Laptop phone promises speedier transmission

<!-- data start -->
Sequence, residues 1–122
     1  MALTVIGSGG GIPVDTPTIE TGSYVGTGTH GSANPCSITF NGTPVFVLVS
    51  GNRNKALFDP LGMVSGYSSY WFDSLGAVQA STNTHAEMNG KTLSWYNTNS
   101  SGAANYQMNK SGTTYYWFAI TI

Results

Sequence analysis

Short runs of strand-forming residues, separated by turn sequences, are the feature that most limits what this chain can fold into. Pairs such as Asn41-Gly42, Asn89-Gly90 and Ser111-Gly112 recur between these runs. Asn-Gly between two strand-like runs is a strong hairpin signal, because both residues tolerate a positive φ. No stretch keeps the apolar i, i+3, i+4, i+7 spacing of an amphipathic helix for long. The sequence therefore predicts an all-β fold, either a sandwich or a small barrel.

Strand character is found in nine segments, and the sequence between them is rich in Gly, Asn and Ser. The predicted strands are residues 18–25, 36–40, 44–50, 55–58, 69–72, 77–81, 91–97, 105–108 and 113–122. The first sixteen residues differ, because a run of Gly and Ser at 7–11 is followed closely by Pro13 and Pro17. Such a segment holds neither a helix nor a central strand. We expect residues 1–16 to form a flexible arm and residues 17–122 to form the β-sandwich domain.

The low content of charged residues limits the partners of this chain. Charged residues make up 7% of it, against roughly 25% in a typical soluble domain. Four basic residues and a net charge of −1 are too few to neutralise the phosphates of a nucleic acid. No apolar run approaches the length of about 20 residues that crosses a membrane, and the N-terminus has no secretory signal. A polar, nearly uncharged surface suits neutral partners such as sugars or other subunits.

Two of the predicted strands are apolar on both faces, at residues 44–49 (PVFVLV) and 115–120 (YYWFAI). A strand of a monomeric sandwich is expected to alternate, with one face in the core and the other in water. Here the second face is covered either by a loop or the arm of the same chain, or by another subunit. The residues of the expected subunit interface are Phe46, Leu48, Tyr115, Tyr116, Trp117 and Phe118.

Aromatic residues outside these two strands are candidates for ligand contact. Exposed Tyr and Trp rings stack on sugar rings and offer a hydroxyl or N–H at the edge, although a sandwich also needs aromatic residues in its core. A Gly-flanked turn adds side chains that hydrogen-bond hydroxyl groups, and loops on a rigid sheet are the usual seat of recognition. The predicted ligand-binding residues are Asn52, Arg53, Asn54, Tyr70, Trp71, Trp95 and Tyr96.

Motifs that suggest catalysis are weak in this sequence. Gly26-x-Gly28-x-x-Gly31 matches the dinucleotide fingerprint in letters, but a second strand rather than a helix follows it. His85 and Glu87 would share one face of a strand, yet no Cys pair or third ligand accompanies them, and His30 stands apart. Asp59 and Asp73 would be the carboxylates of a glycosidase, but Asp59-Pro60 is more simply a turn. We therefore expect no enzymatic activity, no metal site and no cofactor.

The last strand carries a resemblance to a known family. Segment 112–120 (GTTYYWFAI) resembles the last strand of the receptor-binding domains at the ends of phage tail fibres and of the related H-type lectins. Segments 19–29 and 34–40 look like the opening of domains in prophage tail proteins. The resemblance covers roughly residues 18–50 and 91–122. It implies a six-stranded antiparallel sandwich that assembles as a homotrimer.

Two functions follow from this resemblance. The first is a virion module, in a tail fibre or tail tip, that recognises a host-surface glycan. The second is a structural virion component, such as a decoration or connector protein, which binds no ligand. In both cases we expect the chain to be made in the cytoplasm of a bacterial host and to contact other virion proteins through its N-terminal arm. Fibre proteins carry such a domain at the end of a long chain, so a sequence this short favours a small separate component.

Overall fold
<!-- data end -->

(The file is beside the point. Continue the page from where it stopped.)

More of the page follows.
By Barry Fox A SATELLITE communications system due for launch in August may spell further trouble for Iridium, the global satellite telephone company which has been struggling to attract subscribers since its launch last year. Inmarsat, the maritime satellite communications organisation, is to launch a laptop-style satellite phone unit that can send or receive data at ISDN speeds—64 kilobits per second—from anywhere in the world except the polar icecaps. This compares with the 2.4K data rate possible with the Iridium phone network. When Iridium was conceived by Motorola in 1987, PC modems were just reaching 2.4K speeds, so Iridium’s data speed was set at that level. But with modems now routinely handling up to 56K, 2.4K is painfully slow and one quarter the speed of a GSM cellphone. A spokeswoman says Iridium has “no plans” to redesign the system to handle a higher data rate. Iridium’s hand-held receiver works like a cellphone, continually switching from one low Earth orbit satellite to another as they come over the horizon and pass overhead. The company’s $2 billion satellite service was ready by November 1998, but has been slow to take off, with only around 10 000 subscribers worldwide. In the US, Iridium is already promising swingeing price cuts. But unlike Iridium’s phone, which looks and handles like a large cellphone, Inmarsat’s Global Area Network terminal has to be pointed at a geostationary satellite using a compass built into the laptop. Inmarsat says it will be fast enough to send and receive videophone pictures. High-quality video can be transmitted slowly,
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